With upgrade, meters could have operated in real-time | AspenTimes.com

With upgrade, meters could have operated in real-time

Karl Herchenroeder
The Aspen Times
Janet Urquhart The Aspen Times

An upgrade would have allowed Aspen’s parking meters to process payments in real-time, and depending on when it became available — and at what cost — it may have softened the blow from a parking scam that has resulted in more than $600,000 in unpaid debt since 2010.

This and other details were revealed Monday when The Aspen Times obtained 58 pages of emails between the city’s Parking Department, Finance Department and the City Manager’s Office.

It is unclear when the upgrade became available, but of Toronto-based vendor Precise Parklink Inc.’s major customers, Aspen is one of only three that processes payments in batches, according to emails. With this antiquated processing system, the meters have been susceptible to a scam where maxed-out cards aren’t rejected until the end of the day, even though parking is granted.

In an email sent to Finance Director Don Taylor on Sept. 17, Accounting Manager Alice Hackney said she aired audit concerns to Precise in 2009. Hackney describes frustrations with Precise over customer service throughout the 58-page dialogue.

“It would have been natural customer service for them to give us options to address my concerns,” Hackney wrote, admitting that she did not ask directly for a solution. “It is frustrating that they never suggested we blacklist prepaid debit (bank identification numbers) or convert to live transaction processing.”

In an email sent to Taylor on Aug. 28, Accounting Supervisor Chris Lundgren describes conversations with Precise Director Mary D’Alonzo, who explained how rare batch processing is with her customers.

“We do have the option to upgrade to this functionality by ‘upgrading the readers’ on our current kiosks, and a full replacement would not necessarily be required,” Lundgren wrote.

In the email, Lundgren explained he was waiting on answers from Precise about how much the upgrade would cost and how long it would take.

The Aspen City Council recently approved a more than $600,000 purchase for 81 new meters to be installed in December. The current system, which was installed in 2007, has an estimated 10-year lifespan.

City officials could not be reached for comment as of press time for this story.

In an email dated Sept. 22, Taylor explains that in July 2011, there was discussion among management staff about declined transactions. During the prior year, declined transactions had resulted in about $27,000 of unpaid debt, and “it was agreed upon by all that it was not worth making the substantial investment in the existing equipment for the few years left before scheduled replacement of the equipment.”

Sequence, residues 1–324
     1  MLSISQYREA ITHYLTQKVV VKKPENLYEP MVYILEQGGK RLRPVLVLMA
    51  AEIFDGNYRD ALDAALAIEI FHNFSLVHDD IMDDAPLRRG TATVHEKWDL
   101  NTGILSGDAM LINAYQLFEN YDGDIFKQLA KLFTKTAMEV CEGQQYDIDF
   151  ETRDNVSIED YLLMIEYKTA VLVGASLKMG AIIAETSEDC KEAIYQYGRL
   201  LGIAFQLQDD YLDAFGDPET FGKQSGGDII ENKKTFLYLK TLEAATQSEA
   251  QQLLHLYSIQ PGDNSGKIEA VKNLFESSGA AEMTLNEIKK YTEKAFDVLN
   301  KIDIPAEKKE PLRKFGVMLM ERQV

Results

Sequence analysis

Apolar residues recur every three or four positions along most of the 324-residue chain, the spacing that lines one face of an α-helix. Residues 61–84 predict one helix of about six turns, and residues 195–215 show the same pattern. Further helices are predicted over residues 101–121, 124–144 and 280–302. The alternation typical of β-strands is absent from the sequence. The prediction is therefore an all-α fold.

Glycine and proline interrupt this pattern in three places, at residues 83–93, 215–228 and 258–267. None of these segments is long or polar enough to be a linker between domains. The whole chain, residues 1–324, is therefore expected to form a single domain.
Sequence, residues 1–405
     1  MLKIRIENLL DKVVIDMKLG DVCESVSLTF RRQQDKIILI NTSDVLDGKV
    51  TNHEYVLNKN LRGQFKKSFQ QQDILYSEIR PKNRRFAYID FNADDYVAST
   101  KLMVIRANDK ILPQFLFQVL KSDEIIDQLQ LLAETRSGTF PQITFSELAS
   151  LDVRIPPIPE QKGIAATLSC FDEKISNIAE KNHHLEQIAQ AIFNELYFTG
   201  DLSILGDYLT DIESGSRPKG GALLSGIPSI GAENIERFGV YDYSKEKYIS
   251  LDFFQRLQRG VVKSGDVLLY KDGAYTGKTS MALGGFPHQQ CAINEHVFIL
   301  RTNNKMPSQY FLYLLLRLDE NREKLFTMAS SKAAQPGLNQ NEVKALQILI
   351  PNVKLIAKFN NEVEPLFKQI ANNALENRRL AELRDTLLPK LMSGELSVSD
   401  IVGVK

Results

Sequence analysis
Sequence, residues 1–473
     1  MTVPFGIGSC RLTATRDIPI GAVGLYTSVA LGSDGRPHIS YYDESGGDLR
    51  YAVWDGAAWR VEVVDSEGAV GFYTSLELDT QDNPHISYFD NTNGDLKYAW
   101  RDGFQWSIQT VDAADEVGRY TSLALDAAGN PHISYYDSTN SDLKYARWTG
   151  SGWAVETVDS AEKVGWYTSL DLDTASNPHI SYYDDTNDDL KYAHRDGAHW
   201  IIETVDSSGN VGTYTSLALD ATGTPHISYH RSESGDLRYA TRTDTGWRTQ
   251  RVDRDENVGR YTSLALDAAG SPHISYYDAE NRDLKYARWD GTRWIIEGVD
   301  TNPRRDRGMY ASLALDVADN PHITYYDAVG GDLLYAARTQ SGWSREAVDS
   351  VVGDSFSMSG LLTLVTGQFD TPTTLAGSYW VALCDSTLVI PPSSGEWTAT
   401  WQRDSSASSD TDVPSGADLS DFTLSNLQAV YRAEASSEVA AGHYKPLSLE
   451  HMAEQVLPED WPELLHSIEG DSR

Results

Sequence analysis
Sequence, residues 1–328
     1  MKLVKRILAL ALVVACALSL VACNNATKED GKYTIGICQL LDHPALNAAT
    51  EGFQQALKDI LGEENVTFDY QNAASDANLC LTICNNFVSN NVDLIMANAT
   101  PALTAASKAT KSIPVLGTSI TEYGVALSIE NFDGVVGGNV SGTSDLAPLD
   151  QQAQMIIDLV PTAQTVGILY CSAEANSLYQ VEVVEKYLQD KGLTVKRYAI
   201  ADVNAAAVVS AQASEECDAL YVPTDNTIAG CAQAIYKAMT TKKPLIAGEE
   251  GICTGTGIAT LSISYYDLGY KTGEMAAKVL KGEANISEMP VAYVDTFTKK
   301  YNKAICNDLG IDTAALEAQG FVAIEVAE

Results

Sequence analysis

His office now estimates unpaid debts of $37,800 in 2011, $78,036 in 2012, $227,220 in 2013 and $448,000 so far in 2014. The total since 2010 comes in at $817,000, though Taylor attributes about $121,000 to non-fraudulent transactions made by motorists ignorant to the scam.

Furthermore, the email explains Payment Card Industry standards went into effect at least six years ago, meaning the city hasn’t been blacklisting entire card numbers since 2008. In its most recent attempt to thwart the scam, the city has been blocking sets of bank identification numbers associated with prepaid debit cards.

Finance has been tracking accepted and declined transactions since 2009, according to Lundgren. In November 2013, the department asked Precise to stop having declined transactions resubmitted because very few of the resubmitted transactions were ever accepted. Resubmissions also added to processing fees.

Lundgren’s email also gives insight into the scam’s major perpetrators. According to him, one card number, which was blotted out by the city’s Legal Department, had 117 declined transactions in July and eight declines on July 10 alone. Further, 272 credit cards were declined in May and July, averaging $295 per card. Officials have requested information from Precise to locate areas in town that perpetrators frequently abused.

As far as recouping losses from maxed-out debit cards, Lundgren explains that the cards must be registered with the issuing bank prior to use, which allows for data on some personal information and past usage. The issuing bank can assist in tracking down the perpetrator, he wrote. If the card was never registered with the issuing bank, the bank is responsible for all fraudulent purchases made by the card.

The Aspen Police Department is currently investigating the scam.



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